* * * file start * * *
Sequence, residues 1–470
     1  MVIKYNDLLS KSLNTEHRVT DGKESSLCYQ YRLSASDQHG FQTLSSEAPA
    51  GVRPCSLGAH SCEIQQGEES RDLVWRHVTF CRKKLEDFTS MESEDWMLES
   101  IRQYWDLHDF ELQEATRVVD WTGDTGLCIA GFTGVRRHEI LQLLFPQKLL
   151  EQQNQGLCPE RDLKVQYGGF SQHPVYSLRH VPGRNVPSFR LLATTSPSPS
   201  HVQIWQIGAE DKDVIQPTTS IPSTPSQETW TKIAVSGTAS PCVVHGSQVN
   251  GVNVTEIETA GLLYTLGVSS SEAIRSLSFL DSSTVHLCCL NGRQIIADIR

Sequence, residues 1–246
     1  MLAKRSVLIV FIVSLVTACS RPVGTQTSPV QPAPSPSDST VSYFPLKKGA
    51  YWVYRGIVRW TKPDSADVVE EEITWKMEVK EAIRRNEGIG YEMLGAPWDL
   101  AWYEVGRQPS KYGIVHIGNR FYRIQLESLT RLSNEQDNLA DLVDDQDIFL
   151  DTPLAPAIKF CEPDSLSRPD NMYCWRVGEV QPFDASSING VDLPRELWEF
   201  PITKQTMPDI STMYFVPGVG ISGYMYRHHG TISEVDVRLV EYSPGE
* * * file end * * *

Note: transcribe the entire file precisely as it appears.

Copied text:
Sequence, residues 1–470
     1  MVIKYNDLLS KSLNTEHRVT DGKESSLCYQ YRLSASDQHG FQTLSSEAPA
    51  GVRPCSLGAH SCEIQQGEES RDLVWRHVTF CRKKLEDFTS MESEDWMLES
   101  IRQYWDLHDF ELQEATRVVD WTGDTGLCIA GFTGVRRHEI LQLLFPQKLL
   151  EQQNQGLCPE RDLKVQYGGF SQHPVYSLRH VPGRNVPSFR LLATTSPSPS
   201  HVQIWQIGAE DKDVIQPTTS IPSTPSQETW TKIAVSGTAS PCVVHGSQVN
   251  GVNVTEIETA GLLYTLGVSS SEAIRSLSFL DSSTVHLCCL NGRQIIADIR

Sequence, residues 1–246
     1  MLAKRSVLIV FIVSLVTACS RPVGTQTSPV QPAPSPSDST VSYFPLKKGA
    51  YWVYRGIVRW TKPDSADVVE EEITWKMEVK EAIRRNEGIG YEMLGAPWDL
   101  AWYEVGRQPS KYGIVHIGNR FYRIQLESLT RLSNEQDNLA DLVDDQDIFL
   151  DTPLAPAIKF CEPDSLSRPD NMYCWRVGEV QPFDASSING VDLPRELWEF
   201  PITKQTMPDI STMYFVPGVG ISGYMYRHHG TISEVDVRLV EYSPGE